As anyone who has been in Tokyo during the past couple of weeks will know, Japan is taking no chances when it comes to security for the G7 Ise-Shima Summit, which is being held today and tomorrow in Shima in Mie Prefecture. The heavy police presence on the streets of the Japanese capital has been hard to miss. Japan has put a record number of police officers on duty for the summit: 70,000 have been posted at 3,500 busy stations and shopping areas across the country, including 23,000 around the venue and at Chubu Centrair Airport near Nagoya, where most of the world leaders landed. When president Obama makes his historic visit to Hiroshima on Friday there will be as many as 4,600 police officers on duty.
At Ebace, Europe’s annual business-aviation expo in Geneva, safety is paramount. An all-day workshop this week focused on maximising pilots’ performance, from improving diet to coping with long hours in the skies. One company is showcasing software to monitor crews’ in-air fatigue; another is selling a system that gives pilots clear vision if smoke fills the cockpit – three such incidents occur daily in the US. And as the Olympics in Rio de Janeiro draws closer, private-jet owners are becoming increasingly concerned about the Zika virus. On Wednesday Dr Michael Braida from MedAire held a session exploring Zika’s effect on business-aircraft operators. The bad news: mosquitoes love hiding in planes. The good news: awareness and simple precautions such as repellent and long trousers can make all the difference.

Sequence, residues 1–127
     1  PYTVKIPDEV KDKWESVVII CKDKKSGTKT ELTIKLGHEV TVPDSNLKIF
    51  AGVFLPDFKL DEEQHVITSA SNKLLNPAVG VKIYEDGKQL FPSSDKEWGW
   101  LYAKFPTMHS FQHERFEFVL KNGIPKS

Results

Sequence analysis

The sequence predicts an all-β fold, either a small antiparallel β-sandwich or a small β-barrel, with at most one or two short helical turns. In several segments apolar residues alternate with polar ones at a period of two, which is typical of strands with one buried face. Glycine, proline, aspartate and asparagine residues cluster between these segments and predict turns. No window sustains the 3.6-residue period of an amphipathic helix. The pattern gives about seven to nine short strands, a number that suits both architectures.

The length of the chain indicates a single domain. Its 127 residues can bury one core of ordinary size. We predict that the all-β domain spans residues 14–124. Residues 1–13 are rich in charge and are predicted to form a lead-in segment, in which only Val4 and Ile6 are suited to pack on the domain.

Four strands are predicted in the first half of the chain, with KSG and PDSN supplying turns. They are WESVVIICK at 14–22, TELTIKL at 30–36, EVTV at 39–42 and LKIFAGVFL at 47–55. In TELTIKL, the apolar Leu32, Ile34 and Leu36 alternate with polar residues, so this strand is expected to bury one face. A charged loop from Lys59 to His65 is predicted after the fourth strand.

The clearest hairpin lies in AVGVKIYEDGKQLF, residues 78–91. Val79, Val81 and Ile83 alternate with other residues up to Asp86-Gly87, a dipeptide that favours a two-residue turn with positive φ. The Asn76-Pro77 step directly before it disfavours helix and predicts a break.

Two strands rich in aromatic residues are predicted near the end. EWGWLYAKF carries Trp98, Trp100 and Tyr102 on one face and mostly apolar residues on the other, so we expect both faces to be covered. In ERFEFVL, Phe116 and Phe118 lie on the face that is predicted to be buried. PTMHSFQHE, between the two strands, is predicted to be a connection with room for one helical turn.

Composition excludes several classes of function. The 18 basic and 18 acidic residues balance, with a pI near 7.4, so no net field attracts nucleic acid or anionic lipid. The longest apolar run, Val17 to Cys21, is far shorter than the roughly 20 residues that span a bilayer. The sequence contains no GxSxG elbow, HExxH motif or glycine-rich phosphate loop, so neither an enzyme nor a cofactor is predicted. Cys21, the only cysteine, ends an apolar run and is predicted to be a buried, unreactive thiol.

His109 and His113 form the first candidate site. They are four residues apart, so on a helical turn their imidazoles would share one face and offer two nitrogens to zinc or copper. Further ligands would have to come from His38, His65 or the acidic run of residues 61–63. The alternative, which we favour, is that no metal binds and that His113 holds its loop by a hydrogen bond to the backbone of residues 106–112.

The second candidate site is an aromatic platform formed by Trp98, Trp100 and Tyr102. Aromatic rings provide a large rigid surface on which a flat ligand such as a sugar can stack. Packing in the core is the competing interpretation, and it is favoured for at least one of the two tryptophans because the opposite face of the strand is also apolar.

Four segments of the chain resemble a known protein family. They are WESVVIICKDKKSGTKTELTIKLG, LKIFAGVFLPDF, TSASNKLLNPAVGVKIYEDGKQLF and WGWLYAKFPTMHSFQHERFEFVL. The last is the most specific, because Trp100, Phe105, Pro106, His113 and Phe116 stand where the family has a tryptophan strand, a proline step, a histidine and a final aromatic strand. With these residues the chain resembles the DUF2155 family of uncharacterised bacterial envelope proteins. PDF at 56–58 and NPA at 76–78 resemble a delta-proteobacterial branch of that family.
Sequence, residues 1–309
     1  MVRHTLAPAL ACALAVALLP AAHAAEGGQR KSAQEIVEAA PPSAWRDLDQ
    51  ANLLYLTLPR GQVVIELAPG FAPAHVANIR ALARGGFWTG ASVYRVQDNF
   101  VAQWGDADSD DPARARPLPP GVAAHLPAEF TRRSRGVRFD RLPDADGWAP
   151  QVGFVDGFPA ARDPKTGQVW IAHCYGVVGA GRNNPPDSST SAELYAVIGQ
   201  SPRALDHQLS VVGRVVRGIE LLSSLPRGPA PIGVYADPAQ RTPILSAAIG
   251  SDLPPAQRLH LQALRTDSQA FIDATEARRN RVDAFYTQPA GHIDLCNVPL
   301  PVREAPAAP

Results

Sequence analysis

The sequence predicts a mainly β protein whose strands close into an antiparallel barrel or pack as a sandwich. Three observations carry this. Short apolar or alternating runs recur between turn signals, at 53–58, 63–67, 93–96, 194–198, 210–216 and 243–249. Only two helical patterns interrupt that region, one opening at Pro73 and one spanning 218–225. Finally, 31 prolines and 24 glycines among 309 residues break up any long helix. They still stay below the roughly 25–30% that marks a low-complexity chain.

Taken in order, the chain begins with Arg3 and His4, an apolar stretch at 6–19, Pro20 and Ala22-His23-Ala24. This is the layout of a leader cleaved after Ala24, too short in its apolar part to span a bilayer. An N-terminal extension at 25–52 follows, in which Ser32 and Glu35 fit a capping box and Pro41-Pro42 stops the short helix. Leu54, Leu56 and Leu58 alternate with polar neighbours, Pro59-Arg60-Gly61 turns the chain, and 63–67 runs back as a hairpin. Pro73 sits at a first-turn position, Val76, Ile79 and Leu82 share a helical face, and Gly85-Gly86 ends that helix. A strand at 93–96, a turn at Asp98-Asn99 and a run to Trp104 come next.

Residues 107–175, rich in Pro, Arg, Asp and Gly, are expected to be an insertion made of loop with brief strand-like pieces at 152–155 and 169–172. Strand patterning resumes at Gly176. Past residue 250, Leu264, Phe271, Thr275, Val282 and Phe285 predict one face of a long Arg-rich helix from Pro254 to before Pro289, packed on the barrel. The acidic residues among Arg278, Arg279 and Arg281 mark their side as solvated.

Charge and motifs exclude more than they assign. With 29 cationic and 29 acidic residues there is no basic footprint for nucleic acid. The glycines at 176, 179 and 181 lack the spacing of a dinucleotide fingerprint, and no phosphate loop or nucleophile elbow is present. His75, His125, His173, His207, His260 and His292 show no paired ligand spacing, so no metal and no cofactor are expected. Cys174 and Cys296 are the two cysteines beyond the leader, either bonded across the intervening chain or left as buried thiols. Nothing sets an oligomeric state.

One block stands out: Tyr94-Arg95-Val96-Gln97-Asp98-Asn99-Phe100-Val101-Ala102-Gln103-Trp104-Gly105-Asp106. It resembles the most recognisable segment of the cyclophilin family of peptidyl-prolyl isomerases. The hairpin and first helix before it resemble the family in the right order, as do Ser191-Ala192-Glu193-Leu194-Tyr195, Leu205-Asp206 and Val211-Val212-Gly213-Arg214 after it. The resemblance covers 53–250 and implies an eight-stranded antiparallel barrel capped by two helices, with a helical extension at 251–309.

Known as one of Indonesia’s most corrupt institutions, Jakarta’s police force has thrown resources at improving its public image in 2016. But now it faces a different kind of problem altogether after one of its latest publicity stunts backfired: that of being too cool. Police-issue shirts branded with the “Turn Back Crime” slogan (as shown above) were made widely available for public purchase this year. The navy polos, popularised by the officers who deftly responded to January’s terrorist attacks, quickly became en vogue with civilians on Jakarta’s streets. The problem is that criminals have started using the shirts to impersonate police officers so that they can steal from gullible victims. New Jakarta police chief Moechgiyarto can now add rectifying this fashion blunder to his to-do list, as he aims to clean up the organisation.
This week more than 30,000 design aficionados from around the world are descending on a small, vibrant corner of London for the seventh annual instalment of Clerkenwell Design Week. The three-day affair, which comes to a close today, sees architects and designers set up shop in eight exhibition venues and more than 85 showrooms dotted across Clerkenwell, a historic watch-making hub that is today home to more creative businesses and architects per square metre than anywhere else in the world. This year’s standout offerings include FleaFollyArchitects’ wooden, monastery-inspired archway (pictured) and Daniel Libeskind’s geometric Moroso sofas. “I really enjoy Clerkenwell Design Week because it’s quite small and much more relaxed than [Salone del Mobile in] Milan,” says up-and-coming German designer Sebastian Herkner, who is presenting his collection of plastic-woven lounge chairs for outdoor-furniture specialist Dedon. “The mood is really positive – and you have more time to see the interesting things that are happening.”
How do you successfully reinvent a popular brand? Tony Conrad and Jeff Veen of Silicon Valley-based venture-capital firm True Ventures sit down with Daniel Giacopelli to discuss tips learned from growing, selling and then relaunching About.me. They also explain why design is key and share tips for building a business that lasts.